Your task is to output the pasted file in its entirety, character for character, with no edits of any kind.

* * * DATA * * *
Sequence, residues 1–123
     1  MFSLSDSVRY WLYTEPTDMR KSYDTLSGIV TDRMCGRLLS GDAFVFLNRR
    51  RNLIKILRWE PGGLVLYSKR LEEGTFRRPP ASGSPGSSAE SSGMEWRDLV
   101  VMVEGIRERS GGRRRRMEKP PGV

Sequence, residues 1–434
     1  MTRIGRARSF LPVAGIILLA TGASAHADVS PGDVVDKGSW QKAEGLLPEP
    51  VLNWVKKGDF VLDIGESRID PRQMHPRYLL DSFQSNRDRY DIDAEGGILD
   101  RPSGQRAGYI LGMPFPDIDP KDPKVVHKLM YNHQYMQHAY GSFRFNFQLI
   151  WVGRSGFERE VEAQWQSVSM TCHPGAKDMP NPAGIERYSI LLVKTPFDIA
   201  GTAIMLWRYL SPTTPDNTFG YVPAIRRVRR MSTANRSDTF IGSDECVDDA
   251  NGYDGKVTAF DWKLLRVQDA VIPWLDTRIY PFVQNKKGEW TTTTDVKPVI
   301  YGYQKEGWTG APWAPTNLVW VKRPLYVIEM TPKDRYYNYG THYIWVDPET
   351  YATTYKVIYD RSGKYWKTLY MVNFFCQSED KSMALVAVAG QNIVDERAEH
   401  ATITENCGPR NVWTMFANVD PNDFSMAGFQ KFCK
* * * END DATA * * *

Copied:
Sequence, residues 1–123
     1  MFSLSDSVRY WLYTEPTDMR KSYDTLSGIV TDRMCGRLLS GDAFVFLNRR
    51  RNLIKILRWE PGGLVLYSKR LEEGTFRRPP ASGSPGSSAE SSGMEWRDLV
   101  VMVEGIRERS GGRRRRMEKP PGV

Sequence, residues 1–434
     1  MTRIGRARSF LPVAGIILLA TGASAHADVS PGDVVDKGSW QKAEGLLPEP
    51  VLNWVKKGDF VLDIGESRID PRQMHPRYLL DSFQSNRDRY DIDAEGGILD
   101  RPSGQRAGYI LGMPFPDIDP KDPKVVHKLM YNHQYMQHAY GSFRFNFQLI
   151  WVGRSGFERE VEAQWQSVSM TCHPGAKDMP NPAGIERYSI LLVKTPFDIA
   201  GTAIMLWRYL SPTTPDNTFG YVPAIRRVRR MSTANRSDTF IGSDECVDDA
   251  NGYDGKVTAF DWKLLRVQDA VIPWLDTRIY PFVQNKKGEW TTTTDVKPVI
   301  YGYQKEGWTG APWAPTNLVW VKRPLYVIEM TPKDRYYNYG THYIWVDPET
   351  YATTYKVIYD RSGKYWKTLY MVNFFCQSED KSMALVAVAG QNIVDERAEH
   401  ATITENCGPR NVWTMFANVD PNDFSMAGFQ KFCK